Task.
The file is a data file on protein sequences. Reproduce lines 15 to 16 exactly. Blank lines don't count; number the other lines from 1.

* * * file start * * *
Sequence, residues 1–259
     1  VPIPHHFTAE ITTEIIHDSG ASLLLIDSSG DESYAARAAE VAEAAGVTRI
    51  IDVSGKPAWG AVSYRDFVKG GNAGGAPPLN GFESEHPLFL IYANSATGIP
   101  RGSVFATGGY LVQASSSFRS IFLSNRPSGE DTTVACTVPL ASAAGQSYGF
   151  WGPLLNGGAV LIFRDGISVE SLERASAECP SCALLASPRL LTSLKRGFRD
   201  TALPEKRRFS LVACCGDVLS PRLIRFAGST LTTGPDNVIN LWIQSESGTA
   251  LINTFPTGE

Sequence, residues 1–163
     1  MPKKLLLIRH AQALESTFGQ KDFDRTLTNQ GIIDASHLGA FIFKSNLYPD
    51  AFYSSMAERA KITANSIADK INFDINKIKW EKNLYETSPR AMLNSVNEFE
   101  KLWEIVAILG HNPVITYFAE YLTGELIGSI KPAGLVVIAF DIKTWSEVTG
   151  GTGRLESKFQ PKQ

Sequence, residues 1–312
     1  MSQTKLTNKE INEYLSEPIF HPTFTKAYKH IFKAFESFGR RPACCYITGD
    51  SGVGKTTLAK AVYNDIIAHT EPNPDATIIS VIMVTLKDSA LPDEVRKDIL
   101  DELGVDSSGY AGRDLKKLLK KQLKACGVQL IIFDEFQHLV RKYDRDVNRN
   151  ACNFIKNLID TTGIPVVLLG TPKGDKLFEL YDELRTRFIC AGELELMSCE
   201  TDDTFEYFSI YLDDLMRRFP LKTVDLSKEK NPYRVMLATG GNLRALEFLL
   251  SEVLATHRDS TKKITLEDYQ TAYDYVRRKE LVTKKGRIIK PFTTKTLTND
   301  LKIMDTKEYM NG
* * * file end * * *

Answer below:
    51  SGVGKTTLAK AVYNDIIAHT EPNPDATIIS VIMVTLKDSA LPDEVRKDIL
   101  DELGVDSSGY AGRDLKKLLK KQLKACGVQL IIFDEFQHLV RKYDRDVNRN